Doctor of Humane Letters
Born in England in 1919, Brian Urquhart was educated at Westminster School and Christ Church, Oxford. As an officer in Britain’s military intelligence service during World War II, Urquhart liberated the Bergen-Belsen concentration camp. Moved by the horrors he saw there and the widespread destruction wrought by the war, he dedicated his life to developing human rights into an international rule. A career spanning five decades at the United Nations taught him that “if you hold on to your belief in reason and compassion despite all political maneuvering, your efforts may, in the end, produce results.”
Immediately following the war, Urquhart served as a personal assistant to Gladwyn Jebb, the executive secretary to the Preparatory Commission, which set up the United Nations in London, and then as personal assistant to the U.N.’s first secretary-general, Trygve Lie. From the 1950s through the early 1970s, Urquhart worked in a range of capacities under Nobel laureate Ralph Bunche and was centrally involved in the conferences on peaceful uses of atomic energy, the Congo crisis in the early 1960s—where he survived being kidnapped and badly beaten by rebels in Katanga—and peacekeeping in Cyprus, Kashmir and the Middle East. Urquhart was named the undersecretary-general for special political affairs in 1974 and held the post until his retirement in 1986, after which he spent a decade as a scholar-in-residence at the Ford Foundation.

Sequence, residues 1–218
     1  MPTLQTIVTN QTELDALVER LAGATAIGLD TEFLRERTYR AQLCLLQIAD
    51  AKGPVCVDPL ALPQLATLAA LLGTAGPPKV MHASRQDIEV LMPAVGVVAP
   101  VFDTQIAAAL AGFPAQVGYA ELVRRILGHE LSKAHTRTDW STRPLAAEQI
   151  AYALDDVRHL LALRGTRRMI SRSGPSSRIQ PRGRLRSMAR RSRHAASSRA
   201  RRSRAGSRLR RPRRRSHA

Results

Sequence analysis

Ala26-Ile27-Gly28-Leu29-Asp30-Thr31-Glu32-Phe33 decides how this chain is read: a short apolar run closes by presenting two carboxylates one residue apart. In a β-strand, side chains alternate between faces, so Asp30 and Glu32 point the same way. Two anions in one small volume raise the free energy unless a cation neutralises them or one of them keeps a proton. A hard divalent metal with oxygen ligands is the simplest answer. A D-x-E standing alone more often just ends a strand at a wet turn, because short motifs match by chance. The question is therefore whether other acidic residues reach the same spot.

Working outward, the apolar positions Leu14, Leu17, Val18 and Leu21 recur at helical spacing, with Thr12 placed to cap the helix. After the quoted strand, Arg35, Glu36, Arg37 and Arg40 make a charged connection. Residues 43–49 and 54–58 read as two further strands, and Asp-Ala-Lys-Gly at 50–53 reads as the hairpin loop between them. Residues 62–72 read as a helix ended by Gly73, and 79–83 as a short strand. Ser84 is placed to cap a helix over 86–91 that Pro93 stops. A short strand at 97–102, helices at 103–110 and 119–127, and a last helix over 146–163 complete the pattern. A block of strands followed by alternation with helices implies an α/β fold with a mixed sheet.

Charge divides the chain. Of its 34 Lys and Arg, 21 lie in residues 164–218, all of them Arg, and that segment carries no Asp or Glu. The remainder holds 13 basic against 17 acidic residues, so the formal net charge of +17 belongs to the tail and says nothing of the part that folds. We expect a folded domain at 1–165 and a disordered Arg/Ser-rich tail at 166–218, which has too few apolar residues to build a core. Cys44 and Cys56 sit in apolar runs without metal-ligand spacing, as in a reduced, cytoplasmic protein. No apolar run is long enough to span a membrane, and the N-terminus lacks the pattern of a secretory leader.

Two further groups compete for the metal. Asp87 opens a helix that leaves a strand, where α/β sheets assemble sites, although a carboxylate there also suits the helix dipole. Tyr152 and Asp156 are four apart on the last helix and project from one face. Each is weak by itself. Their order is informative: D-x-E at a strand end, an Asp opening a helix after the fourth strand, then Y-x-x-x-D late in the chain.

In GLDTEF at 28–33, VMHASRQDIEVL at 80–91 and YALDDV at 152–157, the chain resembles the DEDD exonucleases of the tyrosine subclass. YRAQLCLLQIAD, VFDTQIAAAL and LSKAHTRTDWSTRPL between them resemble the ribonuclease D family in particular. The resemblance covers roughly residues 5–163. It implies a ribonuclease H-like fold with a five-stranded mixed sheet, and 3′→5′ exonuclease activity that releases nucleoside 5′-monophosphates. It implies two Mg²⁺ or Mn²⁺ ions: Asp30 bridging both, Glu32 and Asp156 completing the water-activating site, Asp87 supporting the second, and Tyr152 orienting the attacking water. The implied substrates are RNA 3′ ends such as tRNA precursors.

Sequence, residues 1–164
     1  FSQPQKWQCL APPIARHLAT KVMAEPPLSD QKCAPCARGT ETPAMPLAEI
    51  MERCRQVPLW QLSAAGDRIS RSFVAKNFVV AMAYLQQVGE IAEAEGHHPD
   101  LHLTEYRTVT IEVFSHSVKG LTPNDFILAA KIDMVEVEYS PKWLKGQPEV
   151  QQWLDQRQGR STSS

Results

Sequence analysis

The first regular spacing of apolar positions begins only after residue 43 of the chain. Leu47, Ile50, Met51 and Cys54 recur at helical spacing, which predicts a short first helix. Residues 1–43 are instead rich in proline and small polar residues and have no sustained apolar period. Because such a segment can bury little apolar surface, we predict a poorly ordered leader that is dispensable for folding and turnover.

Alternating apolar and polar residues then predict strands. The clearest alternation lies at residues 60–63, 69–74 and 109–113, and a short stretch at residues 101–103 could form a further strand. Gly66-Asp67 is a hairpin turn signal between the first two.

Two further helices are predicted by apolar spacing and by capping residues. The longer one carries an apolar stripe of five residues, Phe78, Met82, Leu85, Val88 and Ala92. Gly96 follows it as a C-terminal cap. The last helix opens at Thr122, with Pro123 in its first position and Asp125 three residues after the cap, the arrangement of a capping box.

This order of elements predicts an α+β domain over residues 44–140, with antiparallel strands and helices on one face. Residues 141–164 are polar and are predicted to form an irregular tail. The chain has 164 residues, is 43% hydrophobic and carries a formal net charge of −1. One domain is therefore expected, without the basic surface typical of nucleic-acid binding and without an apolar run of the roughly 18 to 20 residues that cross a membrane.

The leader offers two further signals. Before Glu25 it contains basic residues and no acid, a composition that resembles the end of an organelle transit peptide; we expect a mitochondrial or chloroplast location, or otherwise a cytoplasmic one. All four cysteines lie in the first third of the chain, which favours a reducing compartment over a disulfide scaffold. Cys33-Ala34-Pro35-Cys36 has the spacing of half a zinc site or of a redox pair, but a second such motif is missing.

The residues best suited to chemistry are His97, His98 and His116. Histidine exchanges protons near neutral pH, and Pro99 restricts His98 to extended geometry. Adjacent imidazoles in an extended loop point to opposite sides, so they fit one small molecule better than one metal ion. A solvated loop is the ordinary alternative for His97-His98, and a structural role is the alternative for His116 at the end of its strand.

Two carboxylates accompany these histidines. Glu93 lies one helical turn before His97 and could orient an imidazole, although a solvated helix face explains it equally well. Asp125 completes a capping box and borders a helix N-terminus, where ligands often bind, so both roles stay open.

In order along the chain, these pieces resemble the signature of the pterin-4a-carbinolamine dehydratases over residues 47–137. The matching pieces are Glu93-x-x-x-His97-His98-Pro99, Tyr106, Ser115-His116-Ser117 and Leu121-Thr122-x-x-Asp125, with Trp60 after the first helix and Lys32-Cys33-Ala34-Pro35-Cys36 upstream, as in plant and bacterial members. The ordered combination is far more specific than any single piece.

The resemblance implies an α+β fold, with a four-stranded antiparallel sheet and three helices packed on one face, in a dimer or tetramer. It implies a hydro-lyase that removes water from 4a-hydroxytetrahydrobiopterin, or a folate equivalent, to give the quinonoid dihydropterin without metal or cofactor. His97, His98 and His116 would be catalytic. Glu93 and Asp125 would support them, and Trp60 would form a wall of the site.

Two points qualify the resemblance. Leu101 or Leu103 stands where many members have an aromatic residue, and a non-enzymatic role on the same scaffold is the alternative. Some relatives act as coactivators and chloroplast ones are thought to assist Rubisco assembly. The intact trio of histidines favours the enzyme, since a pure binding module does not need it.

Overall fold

Urquhart is the author of several books, including acclaimed biographies of Dag Hammarskjöld and Ralph Bunche and an autobiography, A Life in Peace and War. His works on decolonialization and reforming the U.N. system, including most recently A World in Need of Leadership: Tomorrow’s United Nations (with Erskine Childers), have placed him at the forefront of transnational politics.
Hear Sir Brian Urquhart speak on "Whose Century Is It?" on the multimedia page, Conversations with Honorary Degree Recipients.